Brian McLaren suggests that we use these stories to stimulate questions about our own lives. He looks at the story of the wedding at Cana and wonders: “In what ways are our lives – and our religions, and our cultures – like a wedding banquet that is running out of wine? What are we running out of? What are the stone containers in our day – huge but empty vessels used for religious purposes? What would it mean for whose empty containers to be filled – with wine? And why so much wine? Can you imagine what 180 gallons of wine would mean to a small Galilean village? What might that superabundance signify? What might it mean for Jesus to repurpose containers used to separate the clean from the unclean? And what might it mean for God to save the best for last?”[10]

He looks at the story of healing we heard from Mark and asks: “What unhealthy, polluting spirits are troubling us as individuals and as a people? What fears, false beliefs, and emotional imbalances reside within us and distort our behavior? What unclean or unhealthy thought patterns, value systems, and ideologies inhabit, oppress, and possess us as a community or culture? What in us feels threatened and intimidated by the presence of a supremely ‘clean’ or ‘holy’ spirit or presence, like the one in Jesus? In what way might this individual symbolize our whole society? In what ways might our society lose its health, its balance, its sanity, its ‘clean spirit,’ to something unclean or unhealthy? “And what would it mean for faith in the power of God to liberate us from these unhealthy, imbalanced, self-destructive disorders? Dare we believe that we could be set free? Dare we trust that we could be restored to health? Dare we have faith that such a miracle could happen to us – today?”[11] Perhaps we can call this a literary approach, where the story stimulates reflection about our own lives and our community life.

Which approach works best for you? Ignoring the miracles? Looking for a metaphor in the miracles? Embracing the experience of the first followers of Jesus as a healer? Inviting miracles stories to stimulate questions about our own lives?

John Newton

In a few minutes, we’re going to sing “Amazing Grace.” I picked this hymn because of the story behind it, a story I know many of you are familiar with. For those of you who don’t know the back-story, the hymn was penned by John Newton in 1773, during the Enlightenment. It is thought that it was at some level a reflection on his own life. After serving a conscription in the British Navy, Newton entered the Atlantic slave trade, eventually captaining a ship. He had a conversion experience during a storm off the coast of Ireland and eventually left the seafaring life to study theology. He became an important abolitionist in Britain. It was while he was serving as a curate in a church in Olney that he wrote “Amazing Grace.”[12]

In the hymn, Newton writes about experiencing a miracle. The miracle he experienced wasn’t one of an abundance of wine nor was it the healing of a physical malady. But it was the miracle of a healing. God’s grace embraced him and he went from being lost to found, from being blind to seeing. This miracle is much easier for our Modern minds to accept because it is a healing of the attitude rather than a healing of something physical. But does that somehow make it more believable than someone’s literal heart healing without medical intervention?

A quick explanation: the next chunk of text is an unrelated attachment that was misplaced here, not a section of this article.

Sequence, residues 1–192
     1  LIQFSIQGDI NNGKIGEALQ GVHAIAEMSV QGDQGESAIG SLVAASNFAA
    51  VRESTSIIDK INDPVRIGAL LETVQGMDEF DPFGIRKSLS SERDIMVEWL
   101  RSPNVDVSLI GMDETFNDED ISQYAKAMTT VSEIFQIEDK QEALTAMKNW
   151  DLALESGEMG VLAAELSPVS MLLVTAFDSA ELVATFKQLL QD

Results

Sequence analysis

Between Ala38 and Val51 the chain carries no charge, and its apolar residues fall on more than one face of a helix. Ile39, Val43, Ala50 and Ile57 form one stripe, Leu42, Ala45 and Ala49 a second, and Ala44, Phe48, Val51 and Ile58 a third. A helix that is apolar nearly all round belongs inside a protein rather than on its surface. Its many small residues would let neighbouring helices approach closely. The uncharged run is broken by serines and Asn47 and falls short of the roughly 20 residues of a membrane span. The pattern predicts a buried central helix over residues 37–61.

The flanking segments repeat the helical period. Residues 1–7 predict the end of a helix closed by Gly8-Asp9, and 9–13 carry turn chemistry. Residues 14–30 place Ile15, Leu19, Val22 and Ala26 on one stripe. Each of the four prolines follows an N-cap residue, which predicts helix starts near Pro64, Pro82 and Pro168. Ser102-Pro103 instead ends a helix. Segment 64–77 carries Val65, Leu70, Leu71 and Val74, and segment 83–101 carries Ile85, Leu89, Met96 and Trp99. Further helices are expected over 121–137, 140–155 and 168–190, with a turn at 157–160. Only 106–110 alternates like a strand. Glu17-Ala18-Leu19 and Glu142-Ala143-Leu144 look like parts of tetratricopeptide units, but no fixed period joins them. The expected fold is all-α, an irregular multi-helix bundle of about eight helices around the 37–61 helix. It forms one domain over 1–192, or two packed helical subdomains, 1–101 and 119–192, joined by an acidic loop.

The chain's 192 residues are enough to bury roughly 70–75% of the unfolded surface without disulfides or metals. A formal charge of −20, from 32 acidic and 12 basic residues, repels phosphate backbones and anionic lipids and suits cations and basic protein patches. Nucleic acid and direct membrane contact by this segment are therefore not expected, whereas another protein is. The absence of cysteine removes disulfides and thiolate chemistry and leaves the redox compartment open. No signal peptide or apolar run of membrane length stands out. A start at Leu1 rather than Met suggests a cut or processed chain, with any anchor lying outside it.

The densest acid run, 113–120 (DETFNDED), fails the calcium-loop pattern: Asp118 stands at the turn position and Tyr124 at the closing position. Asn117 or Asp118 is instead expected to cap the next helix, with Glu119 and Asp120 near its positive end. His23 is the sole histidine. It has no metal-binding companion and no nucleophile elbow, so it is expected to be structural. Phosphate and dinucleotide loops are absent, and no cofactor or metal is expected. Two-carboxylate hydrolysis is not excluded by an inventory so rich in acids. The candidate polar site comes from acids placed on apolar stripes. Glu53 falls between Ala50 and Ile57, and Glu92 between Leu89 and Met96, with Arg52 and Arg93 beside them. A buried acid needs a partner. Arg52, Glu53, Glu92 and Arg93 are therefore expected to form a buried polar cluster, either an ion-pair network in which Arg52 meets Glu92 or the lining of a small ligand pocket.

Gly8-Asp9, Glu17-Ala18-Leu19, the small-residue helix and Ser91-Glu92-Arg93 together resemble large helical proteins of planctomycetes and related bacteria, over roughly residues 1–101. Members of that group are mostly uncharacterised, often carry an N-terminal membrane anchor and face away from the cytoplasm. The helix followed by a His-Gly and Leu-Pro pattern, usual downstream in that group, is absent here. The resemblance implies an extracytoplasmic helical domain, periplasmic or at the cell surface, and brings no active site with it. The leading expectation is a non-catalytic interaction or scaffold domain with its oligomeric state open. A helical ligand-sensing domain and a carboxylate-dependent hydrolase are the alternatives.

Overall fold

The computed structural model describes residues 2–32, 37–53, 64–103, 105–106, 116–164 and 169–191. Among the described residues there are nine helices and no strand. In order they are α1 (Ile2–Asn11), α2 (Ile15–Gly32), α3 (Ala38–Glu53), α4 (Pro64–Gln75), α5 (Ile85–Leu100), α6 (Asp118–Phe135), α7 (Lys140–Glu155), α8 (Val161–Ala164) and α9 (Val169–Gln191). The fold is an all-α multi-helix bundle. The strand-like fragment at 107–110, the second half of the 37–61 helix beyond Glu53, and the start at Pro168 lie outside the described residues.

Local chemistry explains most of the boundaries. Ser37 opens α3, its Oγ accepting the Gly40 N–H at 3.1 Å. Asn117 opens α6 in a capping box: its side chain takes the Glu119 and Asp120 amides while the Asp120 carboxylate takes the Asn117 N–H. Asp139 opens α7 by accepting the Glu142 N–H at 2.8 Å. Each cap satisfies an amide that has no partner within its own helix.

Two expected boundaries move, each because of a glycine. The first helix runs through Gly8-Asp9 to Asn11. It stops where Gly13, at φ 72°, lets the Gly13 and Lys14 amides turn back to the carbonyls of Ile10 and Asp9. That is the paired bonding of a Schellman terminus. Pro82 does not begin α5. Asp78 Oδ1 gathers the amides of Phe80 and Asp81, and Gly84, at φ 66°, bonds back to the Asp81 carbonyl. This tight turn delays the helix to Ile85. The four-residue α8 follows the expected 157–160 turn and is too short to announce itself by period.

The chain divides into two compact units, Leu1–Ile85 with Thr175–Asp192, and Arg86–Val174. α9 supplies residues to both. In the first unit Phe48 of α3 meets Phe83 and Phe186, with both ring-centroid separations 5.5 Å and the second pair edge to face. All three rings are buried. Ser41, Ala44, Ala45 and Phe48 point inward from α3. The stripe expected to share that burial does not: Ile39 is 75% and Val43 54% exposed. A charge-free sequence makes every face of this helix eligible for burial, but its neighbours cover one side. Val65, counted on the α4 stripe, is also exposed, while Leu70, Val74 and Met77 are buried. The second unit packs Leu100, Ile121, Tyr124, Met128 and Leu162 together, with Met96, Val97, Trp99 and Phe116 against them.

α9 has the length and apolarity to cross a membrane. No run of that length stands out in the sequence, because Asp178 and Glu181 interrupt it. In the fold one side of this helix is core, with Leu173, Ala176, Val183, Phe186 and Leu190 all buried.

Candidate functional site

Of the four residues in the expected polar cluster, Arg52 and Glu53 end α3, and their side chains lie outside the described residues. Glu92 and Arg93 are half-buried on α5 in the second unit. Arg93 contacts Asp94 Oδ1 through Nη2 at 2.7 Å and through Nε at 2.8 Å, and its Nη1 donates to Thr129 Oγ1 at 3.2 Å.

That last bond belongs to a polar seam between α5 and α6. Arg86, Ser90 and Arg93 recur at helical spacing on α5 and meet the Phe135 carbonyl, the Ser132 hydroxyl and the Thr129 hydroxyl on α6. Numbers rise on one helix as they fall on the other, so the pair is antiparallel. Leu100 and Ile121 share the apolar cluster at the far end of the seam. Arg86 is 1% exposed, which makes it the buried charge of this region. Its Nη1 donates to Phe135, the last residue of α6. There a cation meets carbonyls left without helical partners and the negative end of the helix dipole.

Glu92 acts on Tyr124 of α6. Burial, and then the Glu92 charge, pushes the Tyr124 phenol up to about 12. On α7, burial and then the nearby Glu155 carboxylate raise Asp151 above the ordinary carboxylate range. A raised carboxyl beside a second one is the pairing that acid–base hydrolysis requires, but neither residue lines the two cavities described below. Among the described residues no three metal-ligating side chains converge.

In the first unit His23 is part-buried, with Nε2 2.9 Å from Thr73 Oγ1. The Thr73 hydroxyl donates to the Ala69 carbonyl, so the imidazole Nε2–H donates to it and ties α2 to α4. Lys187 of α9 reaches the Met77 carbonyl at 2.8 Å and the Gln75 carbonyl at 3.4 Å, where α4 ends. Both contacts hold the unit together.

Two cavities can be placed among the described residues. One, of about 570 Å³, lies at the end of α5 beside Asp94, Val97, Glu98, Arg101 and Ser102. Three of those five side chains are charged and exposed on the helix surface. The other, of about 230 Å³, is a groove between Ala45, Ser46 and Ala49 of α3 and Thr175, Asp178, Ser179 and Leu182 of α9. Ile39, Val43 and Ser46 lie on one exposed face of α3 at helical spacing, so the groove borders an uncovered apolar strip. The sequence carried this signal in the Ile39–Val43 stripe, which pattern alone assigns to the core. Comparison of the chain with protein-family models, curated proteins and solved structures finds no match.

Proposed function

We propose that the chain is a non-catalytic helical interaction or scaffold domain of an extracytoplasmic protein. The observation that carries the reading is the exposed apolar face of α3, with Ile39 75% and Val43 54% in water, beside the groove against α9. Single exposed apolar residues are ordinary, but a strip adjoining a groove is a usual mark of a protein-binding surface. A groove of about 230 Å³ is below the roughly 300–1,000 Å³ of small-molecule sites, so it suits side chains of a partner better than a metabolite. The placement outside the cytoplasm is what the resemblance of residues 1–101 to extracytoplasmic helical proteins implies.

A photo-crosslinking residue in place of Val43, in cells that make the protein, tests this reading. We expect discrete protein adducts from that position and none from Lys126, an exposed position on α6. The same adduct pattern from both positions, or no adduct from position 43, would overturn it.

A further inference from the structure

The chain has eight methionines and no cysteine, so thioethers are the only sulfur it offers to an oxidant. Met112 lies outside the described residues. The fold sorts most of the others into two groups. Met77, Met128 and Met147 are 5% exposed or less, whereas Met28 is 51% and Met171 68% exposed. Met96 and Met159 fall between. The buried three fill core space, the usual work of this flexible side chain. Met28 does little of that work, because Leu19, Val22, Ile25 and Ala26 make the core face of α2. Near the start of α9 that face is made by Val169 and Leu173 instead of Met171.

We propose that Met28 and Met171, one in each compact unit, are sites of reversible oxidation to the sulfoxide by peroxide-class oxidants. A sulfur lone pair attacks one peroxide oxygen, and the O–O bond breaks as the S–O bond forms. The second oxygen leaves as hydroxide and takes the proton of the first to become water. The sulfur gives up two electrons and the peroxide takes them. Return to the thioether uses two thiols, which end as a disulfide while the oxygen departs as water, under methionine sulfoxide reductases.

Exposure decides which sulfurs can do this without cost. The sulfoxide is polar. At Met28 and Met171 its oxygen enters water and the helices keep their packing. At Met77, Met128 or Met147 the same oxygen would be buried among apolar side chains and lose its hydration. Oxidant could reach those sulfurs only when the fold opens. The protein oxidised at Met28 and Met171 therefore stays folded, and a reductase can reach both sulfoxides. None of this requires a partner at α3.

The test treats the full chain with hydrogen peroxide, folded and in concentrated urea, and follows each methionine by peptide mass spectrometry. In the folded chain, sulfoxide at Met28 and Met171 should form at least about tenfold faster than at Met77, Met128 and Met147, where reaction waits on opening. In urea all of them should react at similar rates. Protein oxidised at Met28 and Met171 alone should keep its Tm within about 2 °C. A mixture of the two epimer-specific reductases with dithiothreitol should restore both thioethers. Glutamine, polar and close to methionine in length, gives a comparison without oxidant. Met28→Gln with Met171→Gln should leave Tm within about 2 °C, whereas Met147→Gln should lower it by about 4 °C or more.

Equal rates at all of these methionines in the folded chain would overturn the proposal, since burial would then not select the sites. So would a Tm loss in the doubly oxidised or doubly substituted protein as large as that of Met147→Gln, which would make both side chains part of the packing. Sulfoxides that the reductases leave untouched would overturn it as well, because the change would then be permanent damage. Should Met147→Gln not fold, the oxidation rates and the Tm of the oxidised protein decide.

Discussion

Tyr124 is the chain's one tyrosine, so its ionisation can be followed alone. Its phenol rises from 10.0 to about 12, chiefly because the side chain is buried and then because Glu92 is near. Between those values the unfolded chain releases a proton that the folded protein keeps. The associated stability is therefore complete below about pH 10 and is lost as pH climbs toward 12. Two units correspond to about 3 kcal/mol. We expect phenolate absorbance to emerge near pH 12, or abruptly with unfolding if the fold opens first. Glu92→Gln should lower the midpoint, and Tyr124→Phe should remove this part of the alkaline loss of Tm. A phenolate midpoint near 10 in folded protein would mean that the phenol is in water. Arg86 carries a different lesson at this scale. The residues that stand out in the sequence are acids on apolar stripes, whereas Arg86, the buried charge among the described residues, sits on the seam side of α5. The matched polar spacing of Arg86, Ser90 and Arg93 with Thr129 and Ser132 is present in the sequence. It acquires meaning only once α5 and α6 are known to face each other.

Did Jesus’ first disciples experience him as a healer because they lived in a pre-Modern time so they didn’t have scientific skepticism? Or has scientific skepticism gotten in the way of our awareness of the metaphysical?

The miracles of Jesus – are they sixes or nines? Or are the both? Or might they be something else altogether that we just don’t recognize? I’m not sure what the answer is, but I do know this: They are significant and they are wonder-filled.

As we move into our time of quiet, I invite you to reflect on …
… anything from the sermon or scripture that caught your attention; or
… a time when you felt you experienced a miracle, or when you prayed for a miracle that never came; or
… one of the ideas of how to approach miracles talked about in the sermon and how that approach may apply to other stories in scripture; or
… the image and sounds and smells and tastes of an empty ceremonial stone container being filled with water that is transformed into wine, then sit with the words empty, full, and transformed.

[1] http://www.metmuseum.org/toah/works-of-art/1990.192/ (accessed 20 January 2017).

[2] “Age of Enlightenment,” Wikipedia, https://en.wikipedia.org/wiki/Age_of_Enlightenment (accessed 20 January 2017).

[3] Ibid.

[4] krm, “Doubt and Certainty in the Age of Enlightenment,” Johns Hopkins University Press, https://www.press.jhu.edu/news/blog/doubt-and-certainty-age-enlightenment (posted 11 October 2011; accessed 20 January 2017).

[5] Blogstuff, https://dturneresq.wordpress.com/2007/10/20/the-history-of-thought-since-the-reformation-from-wikipedia/ (posted 20 October 2007; accessed 20 January 2017).

[6] John Shelby Spong, The Fourth Gospel: Tales of a Jewish Mystic (New York: HarperCollins, 2013), 13.

[7] Ibid, 84.

[8] Marcus Borg, The Meaning of Jesus: Two Visions (New York: HarperCollins, 1999), 66. (This book was also written by N. T. Wright, with the two of them taking turns writing and responding to each other. This quote is from a section written by Borg.)

[9] Ibid.

[10] Brian McLaren, We Make the Road by Walking [Kindle version], chapter 21, page 98. Retrieved from amazon.com.

[11] Ibid, page 99.

[12] “Amazing Grace,” Wikipedia, https://en.wikipedia.org/wiki/Amazing_Grace (accessed 21 January 2017).